Isnít the capitalist system based on the value of the work that individuals produce? Just to go back to the dentist example (which is useful and relevant to illustrate), most people would consider that dentists produce valuable work and this is one of the reasons that we, individually, put a relatively high price on their services. Itís interesting to note that a womanís earning power working as a dentist may allow the spouse to perhaps contribute to the familyís well-being. Itís interesting also because women dentists have not become male dentists (itís been shown that they tend to conciliate better {value judgement on my part here} work and family priorities).

Capitalism doesn't truly value anything...it just puts a price on things. Prostitution also has a high price. That doesn't mean we should value it.

I would like to highlight two very contradictory statements of yours that I would call the progressive bait and switch.

Statement 1:
Quote
It wonder if a changing culture and fading barriers may have something to do with it.

Statement 2:
Quote
If you believe in personal and very individual freedom and the invisible hand of the free market, why decide for somebody else what is good or bad for him or her?

Its a frequent progressive tactic. When conservatives question cultural values suddenly everything is about individual choices and how DARE conservatives question the individual choices that women make. Here somehow progressive pretend they don't know a thing about culture or how to influence despite the fact that they have literally dictated cultural changes for the last 60 years. Taneshi Coates does exactly this trick whenever conservatives bring up the fact that maybe maybe just maybe the problems blacks experience might have something to do with the fact that the black illegitimacy rate has sky-rocketed. He always basically states that we can't question this because its all about individual choices black women make about marriage...how dare we question that.

And of course when conservatives defend individual choices of women not to work than progressive switches in the other direction....why would you ever think people choices are freely made...they ask. Everything is socially and culturally determined. There are no free choices. So now we need mandates, quotas, diversity programs and mentors to overcome the societal programming. Suddenly progressives now switch to the idea that culture can be influenced and has to be  influenced in order to free women. Of course the contradiction in progressive ideology here is never noticed which is that if everything is socially determined and there are no free choices that by definition it is completely impossible for women to ever be free...their choices to work or not to are socially determined and not their own. You can't alter a socially determined system to give women more freedom .... its an impossibility.

So basically the progressive idea amounts to women are only making free choices when they do exactly what progressive think they should be doing. And that we should never question the idea of women to work because by doing that we are questioning women's freely made individual choices...how dare we try to control women. But at the same time if women decide not to work we can't assume that they made that choice freely since everything is socially determined.

This is completely ridiculous and contradictory.
« Last Edit: February 29, 2020, 10:33:27 PM by rukawa »

Cigarbutt

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Re: Diversity in American tech companies
« Reply #26 on: March 01, 2020, 05:32:53 AM »
...
This is completely ridiculous and contradictory.
Nice counter-attack!
Too bad itís mostly rhetorical. :)

FWIW, I think that if we would independently go through some type of questionnaire about the ďrightĒ to ďleftĒ axis (political compass type of thing), we would end up at the same place on a large number of questions. I may end up less to the right on some questions which may be related to an attempt to bridge to the other side (you decide if this is strength or weakness).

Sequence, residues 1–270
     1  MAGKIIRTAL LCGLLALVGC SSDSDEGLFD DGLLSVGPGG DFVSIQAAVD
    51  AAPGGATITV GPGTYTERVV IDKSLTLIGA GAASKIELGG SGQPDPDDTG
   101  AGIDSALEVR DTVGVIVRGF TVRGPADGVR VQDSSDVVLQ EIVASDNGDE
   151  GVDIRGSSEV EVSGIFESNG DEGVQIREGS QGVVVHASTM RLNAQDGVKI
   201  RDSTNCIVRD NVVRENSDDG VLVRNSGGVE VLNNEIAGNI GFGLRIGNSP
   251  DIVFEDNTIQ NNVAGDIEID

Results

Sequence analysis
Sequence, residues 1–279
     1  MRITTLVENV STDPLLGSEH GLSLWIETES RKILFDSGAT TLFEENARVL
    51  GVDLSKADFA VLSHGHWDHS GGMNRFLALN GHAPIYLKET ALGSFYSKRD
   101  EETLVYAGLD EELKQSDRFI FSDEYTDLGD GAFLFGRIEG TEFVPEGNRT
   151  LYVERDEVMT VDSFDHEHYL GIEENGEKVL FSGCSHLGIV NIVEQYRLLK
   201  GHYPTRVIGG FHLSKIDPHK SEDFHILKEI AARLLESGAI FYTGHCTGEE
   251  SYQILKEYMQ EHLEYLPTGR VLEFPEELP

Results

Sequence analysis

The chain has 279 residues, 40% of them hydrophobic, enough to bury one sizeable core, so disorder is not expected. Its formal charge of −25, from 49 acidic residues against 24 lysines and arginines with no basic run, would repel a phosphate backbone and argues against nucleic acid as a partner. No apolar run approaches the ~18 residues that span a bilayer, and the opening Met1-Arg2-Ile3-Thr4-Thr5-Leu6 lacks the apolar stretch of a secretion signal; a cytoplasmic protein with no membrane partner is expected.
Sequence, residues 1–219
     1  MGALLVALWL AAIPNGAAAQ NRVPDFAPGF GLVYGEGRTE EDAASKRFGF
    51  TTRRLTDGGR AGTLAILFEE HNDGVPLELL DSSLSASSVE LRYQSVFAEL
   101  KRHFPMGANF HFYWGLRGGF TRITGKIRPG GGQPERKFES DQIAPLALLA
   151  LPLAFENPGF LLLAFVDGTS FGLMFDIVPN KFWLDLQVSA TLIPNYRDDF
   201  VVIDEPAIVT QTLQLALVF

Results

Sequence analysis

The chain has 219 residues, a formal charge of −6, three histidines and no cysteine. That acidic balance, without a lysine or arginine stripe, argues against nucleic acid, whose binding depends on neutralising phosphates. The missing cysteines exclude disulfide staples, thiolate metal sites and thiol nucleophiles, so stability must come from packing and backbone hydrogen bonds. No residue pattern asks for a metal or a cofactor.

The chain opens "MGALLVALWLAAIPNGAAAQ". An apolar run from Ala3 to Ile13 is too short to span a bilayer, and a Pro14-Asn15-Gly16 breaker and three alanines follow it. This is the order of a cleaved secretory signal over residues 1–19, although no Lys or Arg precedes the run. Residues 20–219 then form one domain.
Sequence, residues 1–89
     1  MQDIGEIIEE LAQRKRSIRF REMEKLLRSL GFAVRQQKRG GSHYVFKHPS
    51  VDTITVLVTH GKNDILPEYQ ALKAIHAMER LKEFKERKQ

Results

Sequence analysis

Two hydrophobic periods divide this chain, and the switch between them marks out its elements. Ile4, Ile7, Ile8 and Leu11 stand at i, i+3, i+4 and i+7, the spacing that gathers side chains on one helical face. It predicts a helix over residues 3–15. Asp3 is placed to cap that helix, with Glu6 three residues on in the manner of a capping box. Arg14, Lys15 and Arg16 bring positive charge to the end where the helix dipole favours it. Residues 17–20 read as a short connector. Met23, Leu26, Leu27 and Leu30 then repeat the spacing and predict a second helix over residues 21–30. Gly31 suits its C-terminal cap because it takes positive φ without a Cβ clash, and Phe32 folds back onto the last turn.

ďCapitalism doesn't truly value anything...it just puts a price on things. Prostitution also has a high price. That doesn't mean we should value it.Ē
Who is we?
Is it an inclusive we?

A nice thing about democracies which integrate the capitalistic engine is that ďsocial desirabilityĒ tends to be defined by a multiplicity of diverse sources that somehow coalesce in a dynamic way. The process can be messy, can run off course and can produce ridiculous results but the end point tends to be progress. How we define the ultimate destination and how to get there are the questions.

To go back to the essence of the opening question, letís say we define that landing a job in tech is socially desirable (we, in the sense that we both agree here), I guess that, individually and as a social group that decided to get together and cooperate, we should strive for an environment where people that deserve it (work hard, talent for it) eventually reach their goals with the least artificial barriers possible, whether you are Black, Latino, woman or whatever. No?

There is a fundamental contradiction (that you correctly pointed out) but the challenge is to be able to unleash human potential and that may involve contradictory objectives. Jay Gatsbyís author once said that the test of {arguing on an online forum} is {sometimes} the ability to hold two opposed ideas in mind at the same time and still retain the ability to function.

rkbabang

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Re: Diversity in American tech companies
« Reply #27 on: March 03, 2020, 11:14:07 AM »

Capitalism doesn't truly value anything...it just puts a price on things. Prostitution also has a high price. That doesn't mean we should value it.


True about capitalism.  It simply allocates resources efficiently based on supply and demand.  However there is nothing inherent about capitalism that puts a high price on prostitution. Prostitution only has a high price because of government interference in the market pushing it underground.  Black market products and services usually have much higher prices (and lower quality) than they would in an otherwise free market, because the cost/risk of bringing that item to market keeps many who would otherwise participate in that market out of it.  This suppresses the supply and competition from potentially more efficient and/or higher quality providers.